In my case, I'm not even allowed to show my code, because it belongs to my company, so that's not an option at all for me. However, the following could be:
Indicate your years experience
This does not necessarily say something about your coding skills, but it does say something about management, decision making skills, ability to work with other people, etcetera.
Show the projects you've worked on, and your role in them
You can show some of the projects you've participated in and say what your role was in those projects. You might not be able to show the code, but you can explain that "I did this like this, so that it's futureproof" or "I did some research and found that method X, which I implemented, was the best for the case".
This does not show actual code, but it does show a bit of your train of thought.
Talk about your skills
I like speed in websites, so I could make a section on my approaches to achieving that. You can think of two or three things you are good at, and then use that to start a paragraph ( like this one ;) ) about something that you know a fair amount about. Don't forget to add examples (e.g. "speed: check out the speed of the flow in example.com").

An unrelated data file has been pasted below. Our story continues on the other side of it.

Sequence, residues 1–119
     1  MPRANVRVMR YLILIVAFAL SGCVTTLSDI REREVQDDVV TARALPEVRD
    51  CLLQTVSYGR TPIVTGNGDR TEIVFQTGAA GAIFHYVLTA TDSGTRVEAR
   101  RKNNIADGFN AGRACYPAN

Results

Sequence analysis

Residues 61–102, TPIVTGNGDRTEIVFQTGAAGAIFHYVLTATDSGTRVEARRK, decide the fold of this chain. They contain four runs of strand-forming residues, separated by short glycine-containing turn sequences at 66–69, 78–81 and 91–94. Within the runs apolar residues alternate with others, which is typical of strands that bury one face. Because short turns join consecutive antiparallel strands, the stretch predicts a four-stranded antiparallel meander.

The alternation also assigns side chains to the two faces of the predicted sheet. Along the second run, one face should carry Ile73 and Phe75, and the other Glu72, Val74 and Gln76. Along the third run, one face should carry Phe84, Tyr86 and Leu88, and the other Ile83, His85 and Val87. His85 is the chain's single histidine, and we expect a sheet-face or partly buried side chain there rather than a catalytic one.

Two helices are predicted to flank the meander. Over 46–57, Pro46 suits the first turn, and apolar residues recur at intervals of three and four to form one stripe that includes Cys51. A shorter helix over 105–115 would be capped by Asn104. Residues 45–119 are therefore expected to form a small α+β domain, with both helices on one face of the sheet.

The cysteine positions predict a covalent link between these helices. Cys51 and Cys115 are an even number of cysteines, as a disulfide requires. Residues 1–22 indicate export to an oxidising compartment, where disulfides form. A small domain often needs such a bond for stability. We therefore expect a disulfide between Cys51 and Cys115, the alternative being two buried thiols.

Sharing code you've made (but isn't yours)
We all have that piece of code, shining in its brilliance, that we'd like to share. You MUST ask your employer*, otherwise it might result in nasty nasty situations.
An option to make it less 'stealable' is to take a screenshot of it and post that, or only show it upon request.
Don't forget, you don't have to show everything, just some smart/good functions should do.
* "Even if you're self employed, the code may not necessarily belong to you - e.g. if you're contracting/consulting." - Jon Story
Certificates or diplomas
If you have any, obviously, add them. This, again, might not really reflect your actual code, but it does help paint a picture of your overall skillset.